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That Gandhi may not be born again

Dr Bindeshwar Pathak's Sulabh has triggered a social revolution

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In 1967, 25 year old Bindeshwar Pathak had missed getting a First Class that would have landed him a lecturer's job in a college. He tried being a school-teacher, a pay-roll clerk and even a street by street salesman of his grandfather's bottles of proprietary home-cure mixture.

Deciding to get himself a Master's degree at Sagar University, MP, he boarded a train. At Hajipur, an elderly family friend talked him out of his move and promised him a 'good job' instead, in the Gandhi Centenary Committee at 'Rs.600 per mensum'. He got off the train and was led to Patna. The promised job wasn't quite there nor did life settle down for him, but he believes that his lifelong commitment to scavenger liberation through maintenance-free toilets began that day.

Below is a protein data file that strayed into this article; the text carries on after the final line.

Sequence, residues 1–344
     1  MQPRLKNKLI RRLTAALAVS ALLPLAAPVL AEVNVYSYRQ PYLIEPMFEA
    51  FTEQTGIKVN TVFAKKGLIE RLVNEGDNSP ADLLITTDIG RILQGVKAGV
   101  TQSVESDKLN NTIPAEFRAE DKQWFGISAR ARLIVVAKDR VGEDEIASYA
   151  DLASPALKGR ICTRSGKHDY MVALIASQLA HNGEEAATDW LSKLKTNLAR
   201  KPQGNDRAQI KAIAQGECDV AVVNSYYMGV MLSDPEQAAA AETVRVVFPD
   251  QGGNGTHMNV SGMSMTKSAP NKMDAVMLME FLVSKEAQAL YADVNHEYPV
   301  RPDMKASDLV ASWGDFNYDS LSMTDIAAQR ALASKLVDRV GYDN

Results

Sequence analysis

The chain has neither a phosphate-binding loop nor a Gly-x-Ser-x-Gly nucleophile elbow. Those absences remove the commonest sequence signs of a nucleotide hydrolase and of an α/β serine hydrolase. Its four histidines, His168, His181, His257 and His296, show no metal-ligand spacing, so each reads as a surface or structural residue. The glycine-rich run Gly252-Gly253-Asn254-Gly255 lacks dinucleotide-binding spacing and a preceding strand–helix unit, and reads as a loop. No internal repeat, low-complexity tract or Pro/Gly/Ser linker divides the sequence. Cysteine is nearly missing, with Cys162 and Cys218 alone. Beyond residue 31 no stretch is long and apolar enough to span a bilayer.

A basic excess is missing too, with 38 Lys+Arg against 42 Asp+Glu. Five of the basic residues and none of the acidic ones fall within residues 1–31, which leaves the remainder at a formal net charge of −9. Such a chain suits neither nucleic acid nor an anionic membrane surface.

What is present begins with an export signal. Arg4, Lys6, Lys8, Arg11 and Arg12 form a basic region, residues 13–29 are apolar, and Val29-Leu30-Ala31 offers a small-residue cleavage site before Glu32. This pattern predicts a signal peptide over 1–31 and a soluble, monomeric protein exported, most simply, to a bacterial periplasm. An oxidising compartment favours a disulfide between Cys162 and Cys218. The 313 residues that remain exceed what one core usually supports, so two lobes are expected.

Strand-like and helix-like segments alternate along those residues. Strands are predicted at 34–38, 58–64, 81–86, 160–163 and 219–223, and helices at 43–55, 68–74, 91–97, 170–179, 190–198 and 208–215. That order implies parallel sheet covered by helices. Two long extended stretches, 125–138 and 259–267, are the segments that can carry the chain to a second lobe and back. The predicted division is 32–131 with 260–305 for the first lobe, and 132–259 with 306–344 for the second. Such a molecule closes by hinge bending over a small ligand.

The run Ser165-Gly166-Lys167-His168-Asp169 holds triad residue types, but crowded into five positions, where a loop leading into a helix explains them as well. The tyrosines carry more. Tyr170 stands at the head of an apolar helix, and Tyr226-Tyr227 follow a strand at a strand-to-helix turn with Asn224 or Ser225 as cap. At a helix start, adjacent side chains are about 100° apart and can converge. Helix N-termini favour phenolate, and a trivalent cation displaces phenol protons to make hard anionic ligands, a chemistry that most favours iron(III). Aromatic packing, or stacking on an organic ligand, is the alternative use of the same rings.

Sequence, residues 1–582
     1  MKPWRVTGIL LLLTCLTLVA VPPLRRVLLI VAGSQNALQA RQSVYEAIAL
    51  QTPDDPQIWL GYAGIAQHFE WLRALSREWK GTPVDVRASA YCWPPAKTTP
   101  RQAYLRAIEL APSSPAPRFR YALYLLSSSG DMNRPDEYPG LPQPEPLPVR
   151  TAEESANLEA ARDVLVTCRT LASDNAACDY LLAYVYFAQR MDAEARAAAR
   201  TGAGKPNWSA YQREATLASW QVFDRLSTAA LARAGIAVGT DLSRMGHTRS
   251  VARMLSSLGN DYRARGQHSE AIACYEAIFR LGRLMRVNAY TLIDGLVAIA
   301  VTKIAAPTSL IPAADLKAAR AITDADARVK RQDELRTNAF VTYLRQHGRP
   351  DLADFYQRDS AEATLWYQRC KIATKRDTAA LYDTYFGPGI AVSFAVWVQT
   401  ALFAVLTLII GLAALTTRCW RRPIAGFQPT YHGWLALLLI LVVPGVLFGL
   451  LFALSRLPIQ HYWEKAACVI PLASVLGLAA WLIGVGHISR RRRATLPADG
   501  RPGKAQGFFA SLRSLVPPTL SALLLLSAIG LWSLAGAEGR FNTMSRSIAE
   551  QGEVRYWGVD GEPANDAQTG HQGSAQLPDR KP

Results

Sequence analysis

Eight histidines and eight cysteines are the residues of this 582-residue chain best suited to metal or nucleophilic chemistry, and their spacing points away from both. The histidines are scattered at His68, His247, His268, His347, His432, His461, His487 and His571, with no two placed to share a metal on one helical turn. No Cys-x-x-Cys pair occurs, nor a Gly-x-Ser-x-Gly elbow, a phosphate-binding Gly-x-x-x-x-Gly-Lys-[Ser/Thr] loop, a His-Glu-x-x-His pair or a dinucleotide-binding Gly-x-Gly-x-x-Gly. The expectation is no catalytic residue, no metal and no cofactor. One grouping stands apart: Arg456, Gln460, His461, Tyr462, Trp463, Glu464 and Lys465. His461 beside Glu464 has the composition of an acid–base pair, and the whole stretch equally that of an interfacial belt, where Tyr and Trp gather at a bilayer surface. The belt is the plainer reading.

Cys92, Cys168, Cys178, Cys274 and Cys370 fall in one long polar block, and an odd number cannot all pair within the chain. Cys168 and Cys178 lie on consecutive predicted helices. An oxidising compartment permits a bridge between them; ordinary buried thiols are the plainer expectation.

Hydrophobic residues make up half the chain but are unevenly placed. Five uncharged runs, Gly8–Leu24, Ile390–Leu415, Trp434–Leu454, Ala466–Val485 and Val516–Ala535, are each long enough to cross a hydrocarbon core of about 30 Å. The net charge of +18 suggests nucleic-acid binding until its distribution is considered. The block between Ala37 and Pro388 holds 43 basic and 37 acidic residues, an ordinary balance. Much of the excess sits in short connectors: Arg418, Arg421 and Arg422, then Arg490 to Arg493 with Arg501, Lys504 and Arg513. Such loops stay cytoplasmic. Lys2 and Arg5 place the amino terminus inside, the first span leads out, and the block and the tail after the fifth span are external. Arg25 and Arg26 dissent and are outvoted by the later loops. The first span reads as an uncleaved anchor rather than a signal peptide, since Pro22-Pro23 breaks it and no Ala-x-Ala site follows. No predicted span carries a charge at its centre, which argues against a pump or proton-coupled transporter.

Contrasting Grandpas:

Or had it? Maybe it in fact began when he was a child and growing up in Vaishali and Sitamarhi. Maternal grandfather Pandit Jaya Nandan Jha had been to jail in the cause of India's freedom, even before Gandhi did in India. He had in fact been Gandhi's pilot to Hajipur and Vaishali. Pt. Jha was an egalitarian. The paternal grandfather was the opposite, though.

"Time spent at the Pathak household were mystifying," says Bindeshwar. "Of the many 'rules', the one about not touching certain people intrigued me. Grandmother would sprinkle water on the paths such people had walked. And mutter some, as she did."

One day, young Bindeshwar decided -as children are wont to- to 'touch' a classified woman, just to see what happened- and hell certainly broke loose. He was given a ritual bath and administered a nugget of cow-dung and cow-urine, chased down by water from the Ganga.

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